**To be fair, maybe Anna Karenina looses something in translation, but even so, Les Misérables has more to offer in a bunch of ways, and far fewer skip-able bits. It was more of a chore to get through 350,000 words of modern-English translation of Tolstoy than 513,000 words of Hugo’s nineteenth-century French. The same is true watching film adaptations of both works (although I have hope Tom Stoppard got Anna Karenina (2012) right). Incidentally, just about equal in greatness to Les Misérables, in my estimation, is Dostoyevsky’s Brothers Karamazov, which is 345,000 words in English translation, and I don’t remember wanting to skip any of it. Size may matter, but more important is how you use it.

***Witnessing someone abuse animals or children would tend to cloud my judgmentality.

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2013/01/22 · 16:24

Community Reads “Midnight at the Dragon Café”

To have a book selected for a “One Book” community read, where the whole city or town is encouraged to read and discuss the same book, honours a writer even more than winning a contest because, as Judy Fong Bates told me, when the community chooses, “it’s not books from a particular year or genre. It is overwhelming considering how much they have to choose from.” Unlike many books that are singled out with grand awards or other attention, I found this book and this author entirely deserving of notice. I have the One Book campaign to thank for making me notice.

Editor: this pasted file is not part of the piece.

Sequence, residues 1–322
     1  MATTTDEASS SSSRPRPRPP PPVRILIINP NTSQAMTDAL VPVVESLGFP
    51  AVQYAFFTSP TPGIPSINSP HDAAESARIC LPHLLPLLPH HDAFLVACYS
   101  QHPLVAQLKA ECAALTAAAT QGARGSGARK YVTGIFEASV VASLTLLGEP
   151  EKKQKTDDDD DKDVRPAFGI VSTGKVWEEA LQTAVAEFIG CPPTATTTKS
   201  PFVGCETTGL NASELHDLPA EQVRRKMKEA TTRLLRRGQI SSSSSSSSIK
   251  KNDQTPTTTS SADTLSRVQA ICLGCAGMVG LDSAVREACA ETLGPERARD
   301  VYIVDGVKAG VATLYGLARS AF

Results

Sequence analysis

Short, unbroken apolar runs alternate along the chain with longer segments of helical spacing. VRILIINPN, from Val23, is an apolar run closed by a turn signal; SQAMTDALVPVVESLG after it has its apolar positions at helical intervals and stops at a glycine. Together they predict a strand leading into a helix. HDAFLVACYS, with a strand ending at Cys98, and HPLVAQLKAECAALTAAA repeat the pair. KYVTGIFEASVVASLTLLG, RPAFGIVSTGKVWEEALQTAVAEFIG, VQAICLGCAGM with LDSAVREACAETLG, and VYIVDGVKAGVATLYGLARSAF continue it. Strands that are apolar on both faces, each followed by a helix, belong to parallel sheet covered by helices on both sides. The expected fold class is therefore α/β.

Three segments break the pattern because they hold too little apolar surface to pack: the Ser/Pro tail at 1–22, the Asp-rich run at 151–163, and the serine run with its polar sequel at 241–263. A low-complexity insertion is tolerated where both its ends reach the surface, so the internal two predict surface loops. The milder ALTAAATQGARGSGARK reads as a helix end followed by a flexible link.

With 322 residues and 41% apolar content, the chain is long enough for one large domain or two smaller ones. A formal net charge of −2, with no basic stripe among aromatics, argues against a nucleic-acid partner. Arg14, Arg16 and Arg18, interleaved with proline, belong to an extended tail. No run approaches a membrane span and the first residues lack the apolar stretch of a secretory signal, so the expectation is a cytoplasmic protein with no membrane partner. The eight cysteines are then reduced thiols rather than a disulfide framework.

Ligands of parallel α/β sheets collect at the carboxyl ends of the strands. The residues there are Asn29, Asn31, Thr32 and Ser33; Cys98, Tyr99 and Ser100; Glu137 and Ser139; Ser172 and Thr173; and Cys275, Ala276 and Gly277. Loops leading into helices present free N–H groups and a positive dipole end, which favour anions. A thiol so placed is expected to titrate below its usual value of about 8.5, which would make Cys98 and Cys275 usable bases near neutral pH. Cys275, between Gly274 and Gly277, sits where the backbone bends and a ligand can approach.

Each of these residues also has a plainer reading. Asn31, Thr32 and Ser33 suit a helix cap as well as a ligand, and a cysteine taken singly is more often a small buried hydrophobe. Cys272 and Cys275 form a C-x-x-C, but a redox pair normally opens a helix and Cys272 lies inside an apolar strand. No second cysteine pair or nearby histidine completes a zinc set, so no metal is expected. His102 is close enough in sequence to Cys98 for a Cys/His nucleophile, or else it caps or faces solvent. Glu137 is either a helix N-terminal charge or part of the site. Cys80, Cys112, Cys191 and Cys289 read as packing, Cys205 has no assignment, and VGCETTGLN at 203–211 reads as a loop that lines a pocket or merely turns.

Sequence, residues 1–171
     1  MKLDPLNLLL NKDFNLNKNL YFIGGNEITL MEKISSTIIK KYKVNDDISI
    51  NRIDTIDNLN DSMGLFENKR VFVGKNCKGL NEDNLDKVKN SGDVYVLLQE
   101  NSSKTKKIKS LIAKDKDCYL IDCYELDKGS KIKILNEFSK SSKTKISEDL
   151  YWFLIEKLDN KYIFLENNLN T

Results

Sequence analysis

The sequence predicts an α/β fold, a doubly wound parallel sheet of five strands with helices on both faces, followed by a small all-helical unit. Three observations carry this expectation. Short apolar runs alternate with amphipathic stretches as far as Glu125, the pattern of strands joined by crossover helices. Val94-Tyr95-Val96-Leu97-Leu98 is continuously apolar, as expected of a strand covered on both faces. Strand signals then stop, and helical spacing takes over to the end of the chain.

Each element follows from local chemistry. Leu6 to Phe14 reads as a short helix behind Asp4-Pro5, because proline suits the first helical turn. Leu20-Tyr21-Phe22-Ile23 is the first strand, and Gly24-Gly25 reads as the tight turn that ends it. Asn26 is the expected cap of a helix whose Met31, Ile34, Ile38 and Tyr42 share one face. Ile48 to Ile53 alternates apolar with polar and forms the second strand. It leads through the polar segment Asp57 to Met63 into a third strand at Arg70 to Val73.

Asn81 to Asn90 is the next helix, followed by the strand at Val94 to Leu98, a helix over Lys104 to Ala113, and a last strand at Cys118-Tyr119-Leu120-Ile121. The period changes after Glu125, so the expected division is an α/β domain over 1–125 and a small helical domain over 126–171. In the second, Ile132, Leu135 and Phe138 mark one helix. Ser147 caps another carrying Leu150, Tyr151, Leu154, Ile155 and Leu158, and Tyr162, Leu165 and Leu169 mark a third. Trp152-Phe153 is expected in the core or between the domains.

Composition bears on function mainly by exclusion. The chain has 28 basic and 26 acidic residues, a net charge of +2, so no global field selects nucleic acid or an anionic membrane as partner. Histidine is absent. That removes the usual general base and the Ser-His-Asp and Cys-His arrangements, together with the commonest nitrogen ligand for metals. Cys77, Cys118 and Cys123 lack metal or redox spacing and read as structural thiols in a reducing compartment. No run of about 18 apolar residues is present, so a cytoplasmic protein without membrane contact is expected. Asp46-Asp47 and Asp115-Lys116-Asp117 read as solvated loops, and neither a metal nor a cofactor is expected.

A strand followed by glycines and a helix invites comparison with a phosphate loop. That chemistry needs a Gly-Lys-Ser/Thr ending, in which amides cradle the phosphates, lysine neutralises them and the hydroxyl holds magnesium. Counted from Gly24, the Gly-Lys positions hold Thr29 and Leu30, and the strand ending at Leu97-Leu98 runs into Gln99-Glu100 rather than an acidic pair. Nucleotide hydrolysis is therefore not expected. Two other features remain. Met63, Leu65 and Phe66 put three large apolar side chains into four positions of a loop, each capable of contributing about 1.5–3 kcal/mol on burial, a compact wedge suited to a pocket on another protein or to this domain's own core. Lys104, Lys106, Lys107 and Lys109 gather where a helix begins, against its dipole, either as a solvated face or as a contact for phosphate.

Midnight at the Dragon Café by Judy Fong Bates

Midnight at the Dragon Café by Judy Fong Bates

EAM: Why is reading important?

JFB: Oh, to me that’s so obvious. I just feel that reading should be part of one’s lifeblood. Don’t you?

EAM: Certainly I do, but what would you impress upon the people who need to be reminded to read?

JFB: When I think of reading, I think of stories. Stories tell us who we are. Stories expand our horizons. They take us into places we might not ever think of going. I mean, on that more profound level, they make us look at things from new angles and they add depth to our lives, but in another way it’s also fun!

For more new angles, depth and fun, keep reading, at www.postcity.com

Q&A: Judy Fong Bates, author of this year’s One Book selection